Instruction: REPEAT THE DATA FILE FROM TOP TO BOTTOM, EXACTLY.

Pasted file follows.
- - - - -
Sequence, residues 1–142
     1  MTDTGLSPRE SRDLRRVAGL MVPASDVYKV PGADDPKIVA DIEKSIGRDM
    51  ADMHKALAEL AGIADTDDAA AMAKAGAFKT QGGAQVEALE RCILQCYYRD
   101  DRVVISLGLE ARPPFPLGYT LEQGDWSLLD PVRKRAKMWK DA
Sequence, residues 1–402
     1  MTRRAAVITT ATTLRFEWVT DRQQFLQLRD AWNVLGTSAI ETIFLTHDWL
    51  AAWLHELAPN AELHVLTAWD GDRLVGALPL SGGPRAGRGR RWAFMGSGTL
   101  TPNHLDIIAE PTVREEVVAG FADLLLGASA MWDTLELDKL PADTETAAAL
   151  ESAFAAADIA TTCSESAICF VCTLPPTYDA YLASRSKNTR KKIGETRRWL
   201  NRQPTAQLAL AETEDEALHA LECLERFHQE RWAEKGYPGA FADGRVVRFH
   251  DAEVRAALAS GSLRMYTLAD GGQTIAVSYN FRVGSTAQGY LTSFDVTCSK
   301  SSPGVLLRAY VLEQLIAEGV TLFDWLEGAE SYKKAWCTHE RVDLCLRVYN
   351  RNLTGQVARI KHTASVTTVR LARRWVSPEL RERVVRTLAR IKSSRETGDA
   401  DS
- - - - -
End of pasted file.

Sequence, residues 1–142
     1  MTDTGLSPRE SRDLRRVAGL MVPASDVYKV PGADDPKIVA DIEKSIGRDM
    51  ADMHKALAEL AGIADTDDAA AMAKAGAFKT QGGAQVEALE RCILQCYYRD
   101  DRVVISLGLE ARPPFPLGYT LEQGDWSLLD PVRKRAKMWK DA
Sequence, residues 1–402
     1  MTRRAAVITT ATTLRFEWVT DRQQFLQLRD AWNVLGTSAI ETIFLTHDWL
    51  AAWLHELAPN AELHVLTAWD GDRLVGALPL SGGPRAGRGR RWAFMGSGTL
   101  TPNHLDIIAE PTVREEVVAG FADLLLGASA MWDTLELDKL PADTETAAAL
   151  ESAFAAADIA TTCSESAICF VCTLPPTYDA YLASRSKNTR KKIGETRRWL
   201  NRQPTAQLAL AETEDEALHA LECLERFHQE RWAEKGYPGA FADGRVVRFH
   251  DAEVRAALAS GSLRMYTLAD GGQTIAVSYN FRVGSTAQGY LTSFDVTCSK
   301  SSPGVLLRAY VLEQLIAEGV TLFDWLEGAE SYKKAWCTHE RVDLCLRVYN
   351  RNLTGQVARI KHTASVTTVR LARRWVSPEL RERVVRTLAR IKSSRETGDA
   401  DS